This article originally appeared in Q405. Order a copy here.
Her 2011 breakthrough single Video Games is the most voted-for entry in Q’s Songs Of The Decade. But Lana Del Rey’s latest album, Norman Fucking Rockwell, is a strong candidate for album of the decade, too. Ted Kessler is granted an audience in Laurel Canyon to hear how the 2010s belonged to America’s finest modern singer-songwriter.
Here’s an address in Laurel Canyon. You’ll need to order an Uber to get there as there’s no parking, so press that button at 3.30 and head out into the Los Angeles traffic on Sunset and Vine. Lana Del Rey will be ready for you at 4pm.
Leave the transience of Hollywood Boulevard in the rearview and head north-west, following ever-more leafy lanes far into the hills. Life is good up here, a picture of moneyed, rustic bohemia, with pastel stoops, houses built on stilts and floor-to-ceiling views of the Hollywood Hills. But it doesn’t matter how nice your house is when the big one hits and everything tumbles into the fire and brimstone of the San Andreas Fault. Everyone knows that approaching fear here. It’s all they ever talk about.
Pull up at some steep, winding steps beneath a lofty, proud wooden residence. Climb them, shake two pairs of hands and walk through wide-open French doors into a high-ceilinged rented kitchen-diner lined by so much vinyl there’s a ladder on wheels to reach the top shelf. She’s sitting on a stool with her back to the kitchen as you enter, scrolling through her phone, and rises to greet you with a firm handshake and an open smile. Say hello to the resident voice in your head, Lana Del Rey. “Where would you like to sit,” she asks? You really don’t mind.
“Are you a Libra?” Del Rey asks, perceptively. It’s an incredible deduction based on four words and maybe 30 seconds’ interaction.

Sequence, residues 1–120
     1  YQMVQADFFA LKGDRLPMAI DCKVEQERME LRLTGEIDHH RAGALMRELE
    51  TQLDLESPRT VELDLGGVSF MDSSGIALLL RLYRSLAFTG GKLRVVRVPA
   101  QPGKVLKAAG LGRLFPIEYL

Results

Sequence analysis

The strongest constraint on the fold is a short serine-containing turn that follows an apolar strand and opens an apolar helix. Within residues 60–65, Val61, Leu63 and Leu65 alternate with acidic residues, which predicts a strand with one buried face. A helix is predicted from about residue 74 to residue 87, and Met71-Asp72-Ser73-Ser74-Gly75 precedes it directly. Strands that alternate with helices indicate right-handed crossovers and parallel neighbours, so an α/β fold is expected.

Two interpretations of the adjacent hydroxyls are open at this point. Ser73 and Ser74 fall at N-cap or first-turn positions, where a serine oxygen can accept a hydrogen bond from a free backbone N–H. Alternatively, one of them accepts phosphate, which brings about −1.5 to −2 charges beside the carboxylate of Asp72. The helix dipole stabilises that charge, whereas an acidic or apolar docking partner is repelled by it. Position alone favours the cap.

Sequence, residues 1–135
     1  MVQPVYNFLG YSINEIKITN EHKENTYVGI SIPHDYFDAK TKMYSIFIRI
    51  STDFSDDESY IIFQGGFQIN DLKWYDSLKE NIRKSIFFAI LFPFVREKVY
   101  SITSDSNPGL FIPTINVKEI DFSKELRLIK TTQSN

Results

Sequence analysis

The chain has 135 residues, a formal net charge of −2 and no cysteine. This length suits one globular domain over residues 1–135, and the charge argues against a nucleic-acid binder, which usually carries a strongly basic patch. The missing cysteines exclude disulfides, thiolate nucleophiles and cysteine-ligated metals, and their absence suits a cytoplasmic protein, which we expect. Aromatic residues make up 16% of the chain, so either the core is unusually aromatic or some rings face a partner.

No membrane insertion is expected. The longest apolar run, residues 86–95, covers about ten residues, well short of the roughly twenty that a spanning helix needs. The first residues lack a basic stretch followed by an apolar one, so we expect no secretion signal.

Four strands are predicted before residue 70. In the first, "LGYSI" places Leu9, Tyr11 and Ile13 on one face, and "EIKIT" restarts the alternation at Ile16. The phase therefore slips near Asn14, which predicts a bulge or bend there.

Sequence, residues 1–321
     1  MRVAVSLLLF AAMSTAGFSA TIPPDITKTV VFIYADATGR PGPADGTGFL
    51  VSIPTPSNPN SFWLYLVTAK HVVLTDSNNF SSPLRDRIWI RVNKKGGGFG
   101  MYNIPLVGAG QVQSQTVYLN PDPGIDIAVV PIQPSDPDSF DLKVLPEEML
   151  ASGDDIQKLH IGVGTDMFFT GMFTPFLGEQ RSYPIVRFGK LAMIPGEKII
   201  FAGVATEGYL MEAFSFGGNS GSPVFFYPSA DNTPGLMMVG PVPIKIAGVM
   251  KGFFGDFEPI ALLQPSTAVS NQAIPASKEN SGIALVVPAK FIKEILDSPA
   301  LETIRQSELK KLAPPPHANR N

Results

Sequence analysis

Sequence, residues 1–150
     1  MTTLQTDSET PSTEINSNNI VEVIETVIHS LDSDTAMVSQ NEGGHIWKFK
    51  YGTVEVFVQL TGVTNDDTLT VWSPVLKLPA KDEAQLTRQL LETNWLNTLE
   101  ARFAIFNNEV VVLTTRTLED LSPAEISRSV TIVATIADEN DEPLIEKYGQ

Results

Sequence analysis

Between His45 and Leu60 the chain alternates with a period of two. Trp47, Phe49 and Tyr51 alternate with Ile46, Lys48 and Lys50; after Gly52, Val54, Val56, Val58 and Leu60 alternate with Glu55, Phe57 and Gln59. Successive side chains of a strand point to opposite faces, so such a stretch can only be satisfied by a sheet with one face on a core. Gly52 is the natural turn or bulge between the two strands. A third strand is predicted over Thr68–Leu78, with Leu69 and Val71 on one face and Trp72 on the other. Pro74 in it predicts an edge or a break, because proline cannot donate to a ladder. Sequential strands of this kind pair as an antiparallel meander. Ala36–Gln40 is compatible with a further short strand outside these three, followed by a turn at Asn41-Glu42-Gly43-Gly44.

“I only think of star signs because it’s come up in my writing for the next thing I’m doing,” she says, with a chuckle, as we pull up two chairs to a round table with a bowl of tiny red apples at its centre. “I never cared before. I did get you right as a Libra, though. Typical Libra answer.”
Lana’s a Cancer. Born on 21 June, 1985, in New York City, as Elizabeth Woolridge Grant.
“All water. A little fire. Carry my home on my back, like a crab. Crybaby. Compatible with Scorpio and Pisces, which is funnily enough my sister and my brother. Kind of cute, huh? I’m on the cusp of Gemini, which takes care of my more theatrical side.”
She presses record on her phone. Don’t worry, it’s just a precaution. “I’ve never needed it since I started doing it.” But there was that one time she wished she had done it, so she always records.
Lana Del Rey pulls at her long, loose pony-tail and straightens her back. A small, square vape. A puff of mango smoke. You have exactly one hour with America’s greatest singer and songwriter of the era. What is it that you want to know?
First of all, you have to tell her some good news. Video Games, Lana Del Rey’s breakthrough single from 2011, has been voted the Song Of The Decade by the writers and readers of Q magazine. It won by some distance, too.
“No fucking way!” she laughs, looking absolutely thrilled, and shocked, even though later we will discover that she knew this already. Her joy seems genuine. “I mean… the best song of the decade?! People really voted for that?”
“Wow. Come on!”
It is a good song.
“One of my favourites.”
Its conception took time. Video Games finally arrived after Lana Del Rey had spent two lonely years living in East London with her manager Ben Mawson, above a fish market on Kingsland Road in Dalston. “I was at the tail-end of 600 days of writing in London, back-to-back days. With about 111 writers. I was writing for others too. I wasn’t really sure what I was doing. I’d kind of exhausted my bigger sounds. I just worked every day. For two years, I had no friends.”